TikTok tries a radical new tactic against Congress

TikTok dropped a public hammer on Washington on Thursday, sending a direly worded alert to users urging them to call Congress and stop a bill designed to cut China’s ties to the app.

It signaled how seriously the video-sharing giant is taking Congress’ latest effort to rein in a platform that has long been under fire from Washington with little regulation to show so far.

The move recruited TikTok’s vast user base as a new kind of influence weapon — a maneuver that some tech companies have tried before, this time boosted by the power of immediate alerts, precision targeting and millions of hyper-enthusiastic fans.

The alert was sent to the phones of TikTok users whose House members were on the Energy and Commerce Committee, according to a person familiar with the campaign. The committee was voting on the bill Thursday. Users got a pop-up alert saying, “TikTok is at risk of being shut down in the US. Call your representative now.” They also got a link to a website describing the law as “the TikTok ban.”

The measure would force Beijing-based ByteDance to sell TikTok or face a ban on U.S. app stores.

TikTok users flooded some congressional offices with dozens of calls. Results were mixed: Some staffers dismissed the callers as uninformed, or as pranksters, or as “teenagers and old people saying they spend their whole day on the app.” Some predicted it could cause a backlash.

House Energy and Commerce Chair Cathy McMorris Rodgers (R-Wash.) said if anything, TikTok’s orchestrated calling campaign “only exposed the degree in which TikTok can manipulate and target a message.”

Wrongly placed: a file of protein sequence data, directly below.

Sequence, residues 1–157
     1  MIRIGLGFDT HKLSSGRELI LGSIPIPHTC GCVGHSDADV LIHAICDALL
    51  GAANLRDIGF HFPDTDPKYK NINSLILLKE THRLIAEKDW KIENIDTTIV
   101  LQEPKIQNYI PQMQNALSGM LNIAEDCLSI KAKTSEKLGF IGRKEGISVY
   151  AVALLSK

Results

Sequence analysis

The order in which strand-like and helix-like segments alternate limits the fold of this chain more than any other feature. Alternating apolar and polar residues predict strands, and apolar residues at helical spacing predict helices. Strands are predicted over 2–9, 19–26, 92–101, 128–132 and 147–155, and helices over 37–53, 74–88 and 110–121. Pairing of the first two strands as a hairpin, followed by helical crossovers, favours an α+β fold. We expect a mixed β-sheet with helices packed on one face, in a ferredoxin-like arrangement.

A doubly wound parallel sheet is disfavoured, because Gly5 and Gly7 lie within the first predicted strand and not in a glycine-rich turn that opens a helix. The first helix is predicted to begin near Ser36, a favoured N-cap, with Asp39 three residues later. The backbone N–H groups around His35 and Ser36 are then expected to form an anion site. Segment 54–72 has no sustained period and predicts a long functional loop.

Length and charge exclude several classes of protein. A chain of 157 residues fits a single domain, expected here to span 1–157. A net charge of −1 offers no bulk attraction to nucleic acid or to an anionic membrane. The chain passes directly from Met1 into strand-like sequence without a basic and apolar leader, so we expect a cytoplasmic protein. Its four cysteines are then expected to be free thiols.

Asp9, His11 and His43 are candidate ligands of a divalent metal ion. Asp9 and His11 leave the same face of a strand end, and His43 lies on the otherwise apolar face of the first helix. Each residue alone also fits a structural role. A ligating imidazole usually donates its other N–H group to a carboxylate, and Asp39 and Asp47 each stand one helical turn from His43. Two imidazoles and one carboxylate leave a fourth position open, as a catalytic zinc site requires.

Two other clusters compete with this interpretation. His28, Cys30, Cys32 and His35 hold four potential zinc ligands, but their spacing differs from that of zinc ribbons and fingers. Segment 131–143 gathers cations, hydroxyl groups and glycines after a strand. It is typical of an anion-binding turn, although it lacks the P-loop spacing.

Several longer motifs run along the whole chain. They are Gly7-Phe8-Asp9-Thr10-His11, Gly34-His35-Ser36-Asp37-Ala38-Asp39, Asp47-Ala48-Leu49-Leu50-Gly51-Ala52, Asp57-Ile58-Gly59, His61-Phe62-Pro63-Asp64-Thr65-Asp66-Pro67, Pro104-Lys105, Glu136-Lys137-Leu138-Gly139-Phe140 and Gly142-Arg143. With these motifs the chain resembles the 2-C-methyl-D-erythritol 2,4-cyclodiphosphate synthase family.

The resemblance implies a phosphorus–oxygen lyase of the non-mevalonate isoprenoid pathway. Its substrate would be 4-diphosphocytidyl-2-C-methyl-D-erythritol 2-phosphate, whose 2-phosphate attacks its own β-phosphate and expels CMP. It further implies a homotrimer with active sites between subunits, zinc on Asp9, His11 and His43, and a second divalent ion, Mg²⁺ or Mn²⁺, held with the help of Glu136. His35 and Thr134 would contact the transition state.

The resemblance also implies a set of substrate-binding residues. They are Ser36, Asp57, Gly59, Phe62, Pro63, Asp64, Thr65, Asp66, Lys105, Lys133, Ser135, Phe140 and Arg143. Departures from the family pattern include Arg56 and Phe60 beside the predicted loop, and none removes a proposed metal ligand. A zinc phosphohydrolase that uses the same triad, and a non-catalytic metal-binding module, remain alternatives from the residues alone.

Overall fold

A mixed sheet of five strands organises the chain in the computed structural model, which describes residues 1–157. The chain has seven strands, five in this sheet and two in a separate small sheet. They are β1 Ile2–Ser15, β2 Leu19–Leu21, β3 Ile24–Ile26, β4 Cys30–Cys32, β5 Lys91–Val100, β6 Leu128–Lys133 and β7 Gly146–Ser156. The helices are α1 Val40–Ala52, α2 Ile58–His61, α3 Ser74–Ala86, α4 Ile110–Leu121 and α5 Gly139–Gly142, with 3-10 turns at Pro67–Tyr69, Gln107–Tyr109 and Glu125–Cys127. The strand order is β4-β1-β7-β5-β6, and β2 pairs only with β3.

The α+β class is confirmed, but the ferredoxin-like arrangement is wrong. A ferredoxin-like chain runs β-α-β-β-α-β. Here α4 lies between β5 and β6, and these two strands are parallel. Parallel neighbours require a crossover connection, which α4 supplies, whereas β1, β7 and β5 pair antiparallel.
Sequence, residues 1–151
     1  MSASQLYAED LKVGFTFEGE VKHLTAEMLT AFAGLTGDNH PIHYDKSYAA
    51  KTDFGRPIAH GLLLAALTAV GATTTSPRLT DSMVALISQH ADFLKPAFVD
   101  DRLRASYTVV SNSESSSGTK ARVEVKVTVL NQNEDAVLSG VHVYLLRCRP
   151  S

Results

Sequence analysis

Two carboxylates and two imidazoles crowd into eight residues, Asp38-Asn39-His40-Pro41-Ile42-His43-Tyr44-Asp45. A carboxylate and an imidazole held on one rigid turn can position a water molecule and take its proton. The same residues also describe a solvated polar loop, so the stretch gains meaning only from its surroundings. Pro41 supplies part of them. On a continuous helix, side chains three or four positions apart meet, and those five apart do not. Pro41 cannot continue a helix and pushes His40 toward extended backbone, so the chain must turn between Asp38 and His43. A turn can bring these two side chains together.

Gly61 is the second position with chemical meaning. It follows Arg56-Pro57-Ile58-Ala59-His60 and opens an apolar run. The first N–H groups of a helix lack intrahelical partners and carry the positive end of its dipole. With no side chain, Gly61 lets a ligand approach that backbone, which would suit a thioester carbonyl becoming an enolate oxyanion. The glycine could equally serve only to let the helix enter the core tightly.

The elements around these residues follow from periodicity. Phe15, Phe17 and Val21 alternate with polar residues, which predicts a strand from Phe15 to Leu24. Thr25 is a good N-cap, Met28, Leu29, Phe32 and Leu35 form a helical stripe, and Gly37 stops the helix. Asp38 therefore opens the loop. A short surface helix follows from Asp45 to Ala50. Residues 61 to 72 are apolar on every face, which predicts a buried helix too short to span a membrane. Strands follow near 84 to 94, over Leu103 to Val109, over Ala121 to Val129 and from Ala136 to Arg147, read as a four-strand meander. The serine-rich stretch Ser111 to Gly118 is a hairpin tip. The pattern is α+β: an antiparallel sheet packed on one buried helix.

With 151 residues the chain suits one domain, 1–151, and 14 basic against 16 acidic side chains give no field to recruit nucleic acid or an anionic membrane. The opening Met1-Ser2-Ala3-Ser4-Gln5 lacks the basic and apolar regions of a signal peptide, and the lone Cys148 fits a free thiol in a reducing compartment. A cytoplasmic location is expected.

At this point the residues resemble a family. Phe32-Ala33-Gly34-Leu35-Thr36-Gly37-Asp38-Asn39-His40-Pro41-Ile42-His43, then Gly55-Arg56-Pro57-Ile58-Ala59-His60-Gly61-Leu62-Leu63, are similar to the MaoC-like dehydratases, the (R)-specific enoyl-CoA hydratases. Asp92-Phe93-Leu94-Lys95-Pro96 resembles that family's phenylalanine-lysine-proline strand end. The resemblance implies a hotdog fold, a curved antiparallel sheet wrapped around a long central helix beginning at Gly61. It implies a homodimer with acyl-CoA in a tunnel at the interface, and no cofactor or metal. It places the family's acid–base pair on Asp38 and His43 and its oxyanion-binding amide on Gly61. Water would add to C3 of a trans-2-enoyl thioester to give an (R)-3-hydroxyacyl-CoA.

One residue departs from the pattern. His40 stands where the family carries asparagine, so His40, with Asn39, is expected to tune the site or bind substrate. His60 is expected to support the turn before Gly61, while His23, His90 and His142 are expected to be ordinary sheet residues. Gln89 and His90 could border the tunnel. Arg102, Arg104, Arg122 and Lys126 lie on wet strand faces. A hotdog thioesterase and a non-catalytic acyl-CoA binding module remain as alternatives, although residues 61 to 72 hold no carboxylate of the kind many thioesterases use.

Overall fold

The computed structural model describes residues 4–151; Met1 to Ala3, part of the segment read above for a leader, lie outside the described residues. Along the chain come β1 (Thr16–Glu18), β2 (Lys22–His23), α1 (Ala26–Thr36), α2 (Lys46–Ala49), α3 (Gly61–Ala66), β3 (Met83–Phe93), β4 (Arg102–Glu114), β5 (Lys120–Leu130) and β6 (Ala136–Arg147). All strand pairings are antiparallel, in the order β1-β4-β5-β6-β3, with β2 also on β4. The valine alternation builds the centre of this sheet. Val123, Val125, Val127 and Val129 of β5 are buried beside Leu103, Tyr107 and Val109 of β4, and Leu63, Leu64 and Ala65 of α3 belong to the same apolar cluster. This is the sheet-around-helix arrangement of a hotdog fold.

But others reported sincere feedback: “We’re bombarded. We’re hearing everything from kids saying, 'This is my life, don’t ban TikTok,' to people saying, 'I am a content creator, I really would like my representative to know the impacts this is having on me,'” said a Democratic staffer for a ranking member on the House Energy and Commerce Committee.

The calls didn’t work on the committee: It voted 50-0 to advance the bill on Thursday.

In a statement to POLITICO, TikTok said it served the messages to only users 18 and over.

The unusual move recalls successful campaigns a decade ago, when Google and Wikipedia rallied their users against copyright-protection bills by staging online blackouts and urging protests. The bills died.

The TikTok bill’s Republican co-sponsor, Rep. Mike Gallagher (R-Wis.), quickly mustered a press conference on Thursday and said the company was lying about his bill by calling it a ban: “If you actually read the bill, it's not a ban. It's a divestiture,” he said.

He said his bill puts the decision “squarely in the hands of TikTok to sever its relationship with the Chinese Communist Party.” If ByteDance divests, then “TikTok will continue to survive,” he said.

TikTok, a video-sharing app with an estimated 170 million users in America, has been in Washington’s crosshairs for years as a potential national security threat. Its connections to China have raised worries about both its influence on public discourse and China’s access to American data.